It’s not fun when a fungus contaminates crops. But safe native fungi show promise in the fight against toxic fungal contamination.
The fungus Aspergillus flavus can infect several crops including corn. Some varieties or strains of A. flavus produce aflatoxins. Aflatoxin contamination costs U.S. farmers billions of dollars every year. Worse, aflatoxins are harmful for humans and animals.
To reduce aflatoxin contamination of crops, farmers use safe commercial strains of A. flavus. Those biocontrol strains don’t produce aflatoxins. When applied to crops, the biocontrol strains out-compete the harmful aflatoxin-producing fungi. That reliably reduces levels of aflatoxins in the harvest, transport and storage stages.
But commercial strains may not be the only answer. A new study shows that using safe native strains of A. flavus can be as effective, or even more effective, than commercial strains.
Using native A. flavus strains could have many advantages. Native strains may be better adapted to the soil type and weather conditions. Therefore they may perform better in the field compared to non-native strains.
Using commercial strains can have some disadvantages. They usually need to be reapplied each year, at a cost of $20 per acre. Also the application must be done aerially or manually. That can deter farmers from using commercial strains.
Native strains, on the other hand, occur naturally in growing areas. They may be more persistent in the soil and not need to be reapplied every year. My colleagues and I tested native strains of A. flavus that produce no or depressed levels of aflatoxin. We also tested commercial strains. Both reduced crop aflatoxin levels.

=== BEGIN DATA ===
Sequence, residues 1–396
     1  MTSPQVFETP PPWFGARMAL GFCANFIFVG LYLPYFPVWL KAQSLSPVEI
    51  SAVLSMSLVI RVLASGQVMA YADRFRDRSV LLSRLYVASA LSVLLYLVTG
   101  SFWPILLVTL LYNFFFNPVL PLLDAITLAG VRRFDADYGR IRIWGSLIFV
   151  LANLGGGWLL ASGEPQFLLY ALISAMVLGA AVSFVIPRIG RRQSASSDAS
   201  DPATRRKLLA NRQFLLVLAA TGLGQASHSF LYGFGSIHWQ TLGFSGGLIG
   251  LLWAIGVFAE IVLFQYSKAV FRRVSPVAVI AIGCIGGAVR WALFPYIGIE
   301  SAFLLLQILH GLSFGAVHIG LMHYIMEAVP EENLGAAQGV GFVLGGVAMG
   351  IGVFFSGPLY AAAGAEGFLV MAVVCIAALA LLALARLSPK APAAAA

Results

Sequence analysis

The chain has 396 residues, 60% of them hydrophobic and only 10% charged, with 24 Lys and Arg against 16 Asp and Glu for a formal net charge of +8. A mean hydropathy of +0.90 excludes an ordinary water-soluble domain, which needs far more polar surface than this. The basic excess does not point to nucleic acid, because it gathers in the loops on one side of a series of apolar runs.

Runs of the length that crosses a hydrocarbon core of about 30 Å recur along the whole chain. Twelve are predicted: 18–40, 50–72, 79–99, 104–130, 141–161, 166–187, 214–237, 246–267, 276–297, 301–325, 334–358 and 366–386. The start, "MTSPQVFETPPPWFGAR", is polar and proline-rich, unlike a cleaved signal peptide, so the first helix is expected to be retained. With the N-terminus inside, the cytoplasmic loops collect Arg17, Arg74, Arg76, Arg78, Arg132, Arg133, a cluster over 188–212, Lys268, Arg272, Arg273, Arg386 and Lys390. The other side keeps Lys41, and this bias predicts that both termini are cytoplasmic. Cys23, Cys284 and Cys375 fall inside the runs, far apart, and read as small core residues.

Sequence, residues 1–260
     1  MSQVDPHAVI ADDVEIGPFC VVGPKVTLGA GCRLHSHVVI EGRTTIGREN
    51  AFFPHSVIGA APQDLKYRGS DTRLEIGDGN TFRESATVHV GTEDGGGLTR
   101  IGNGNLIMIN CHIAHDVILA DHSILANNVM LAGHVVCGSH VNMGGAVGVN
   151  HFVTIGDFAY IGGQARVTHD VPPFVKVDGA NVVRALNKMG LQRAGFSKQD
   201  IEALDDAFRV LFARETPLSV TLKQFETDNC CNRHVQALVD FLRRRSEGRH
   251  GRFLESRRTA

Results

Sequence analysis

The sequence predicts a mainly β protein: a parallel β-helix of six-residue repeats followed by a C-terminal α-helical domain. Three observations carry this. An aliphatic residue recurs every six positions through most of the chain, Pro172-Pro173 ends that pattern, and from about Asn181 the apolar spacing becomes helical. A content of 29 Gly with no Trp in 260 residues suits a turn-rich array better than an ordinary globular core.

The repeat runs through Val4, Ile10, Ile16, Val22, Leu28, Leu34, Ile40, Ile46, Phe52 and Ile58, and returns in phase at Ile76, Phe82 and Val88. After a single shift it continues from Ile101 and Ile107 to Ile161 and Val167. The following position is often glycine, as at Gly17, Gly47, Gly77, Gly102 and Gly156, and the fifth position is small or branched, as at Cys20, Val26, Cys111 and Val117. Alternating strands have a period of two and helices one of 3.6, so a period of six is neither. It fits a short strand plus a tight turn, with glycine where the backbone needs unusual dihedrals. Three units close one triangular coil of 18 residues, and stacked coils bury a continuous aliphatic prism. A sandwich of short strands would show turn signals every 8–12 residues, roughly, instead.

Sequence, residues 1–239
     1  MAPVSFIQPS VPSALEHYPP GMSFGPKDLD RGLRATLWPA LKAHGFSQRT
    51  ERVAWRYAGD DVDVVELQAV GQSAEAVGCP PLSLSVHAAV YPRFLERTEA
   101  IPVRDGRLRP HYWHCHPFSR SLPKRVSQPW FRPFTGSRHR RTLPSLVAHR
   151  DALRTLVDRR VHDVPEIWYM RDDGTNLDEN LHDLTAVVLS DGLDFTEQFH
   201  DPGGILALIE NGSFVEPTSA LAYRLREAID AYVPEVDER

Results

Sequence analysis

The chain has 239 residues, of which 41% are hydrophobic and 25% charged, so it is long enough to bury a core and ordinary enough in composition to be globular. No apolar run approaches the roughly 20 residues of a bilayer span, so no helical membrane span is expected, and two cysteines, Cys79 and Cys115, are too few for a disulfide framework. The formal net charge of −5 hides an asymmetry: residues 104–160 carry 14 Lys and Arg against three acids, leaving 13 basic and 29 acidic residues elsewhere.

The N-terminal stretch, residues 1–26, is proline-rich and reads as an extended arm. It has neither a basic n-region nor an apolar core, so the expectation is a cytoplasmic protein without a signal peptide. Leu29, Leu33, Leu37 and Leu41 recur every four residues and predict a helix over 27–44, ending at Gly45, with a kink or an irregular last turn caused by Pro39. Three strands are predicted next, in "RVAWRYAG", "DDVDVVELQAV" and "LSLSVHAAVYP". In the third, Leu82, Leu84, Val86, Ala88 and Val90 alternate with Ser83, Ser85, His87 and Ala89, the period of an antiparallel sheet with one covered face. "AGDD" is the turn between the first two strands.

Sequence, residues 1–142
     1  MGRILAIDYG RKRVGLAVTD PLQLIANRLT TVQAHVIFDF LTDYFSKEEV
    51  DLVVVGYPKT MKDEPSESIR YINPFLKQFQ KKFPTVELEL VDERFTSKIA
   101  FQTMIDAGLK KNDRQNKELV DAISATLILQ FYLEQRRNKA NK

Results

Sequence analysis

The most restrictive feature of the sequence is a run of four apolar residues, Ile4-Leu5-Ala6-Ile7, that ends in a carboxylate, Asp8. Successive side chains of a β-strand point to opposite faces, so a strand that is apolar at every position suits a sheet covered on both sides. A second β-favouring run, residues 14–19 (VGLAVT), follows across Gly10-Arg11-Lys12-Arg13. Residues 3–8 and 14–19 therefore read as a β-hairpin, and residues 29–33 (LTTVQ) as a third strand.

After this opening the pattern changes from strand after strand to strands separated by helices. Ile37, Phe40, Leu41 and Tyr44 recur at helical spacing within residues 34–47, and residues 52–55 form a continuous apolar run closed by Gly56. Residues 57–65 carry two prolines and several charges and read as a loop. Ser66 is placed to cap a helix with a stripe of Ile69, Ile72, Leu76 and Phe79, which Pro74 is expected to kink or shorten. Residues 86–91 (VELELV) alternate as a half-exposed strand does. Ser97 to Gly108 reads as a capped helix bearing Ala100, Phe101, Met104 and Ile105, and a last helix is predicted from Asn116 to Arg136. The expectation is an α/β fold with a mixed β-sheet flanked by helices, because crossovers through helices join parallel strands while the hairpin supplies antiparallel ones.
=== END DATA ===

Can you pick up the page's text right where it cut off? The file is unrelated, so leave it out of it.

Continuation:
Corn for human consumption can have maximum aflatoxin levels of 20 parts per billion, per U.S. Food and Drug Administration regulation. Untreated crops had aflatoxin levels greater than 35 parts per billion. Native and commercial strains reduced aflatoxin levels to less than 10 parts per billion.
Unexpectedly the study also showed that certain combinations of native strains are more effective than commercial strains in reducing aflatoxin levels. That’s because the combinations take advantage of fungal biology. Their mating types are compatible, allowing them to reproduce and sustain their population.
When the researchers applied native strains of compatible mating types to the test plots, aflatoxin levels were reduced to less than 2 parts per billion in some cases. That was a better outcome than any commercial strain. Our results suggest that using native strains could lead to sustained reductions of aflatoxin levels. Using native strains could be cost-effective for farmers through the long term.
Although the study was conducted in North Carolina, we anticipate the approach can work in other areas. A preliminary experiment in Texas also showed that paired native strains reduced aflatoxin levels more efficiently compared to a single commercial strain. We need to continue testing this approach in cornfields across different states. We also need to monitor aflatoxin levels through several growing seasons.
Future field trials may include testing current commercial strains plus a compatible mating-partner strain. Different combinations of native strains may also be tested. I’m optimistic the approach can go beyond aflatoxin. Fungal toxins pose a continual threat to food safety. Our approach can potentially be applied to other toxin-producing fungi as well.
Read more about the research in “Agronomy Journal.” The work was supported by the Agriculture and Food Research Initiative Competitive Grants Program grant no. 2013-68004-20359 from the U.S. Department of Agriculture’s National Institute of Food and Agriculture.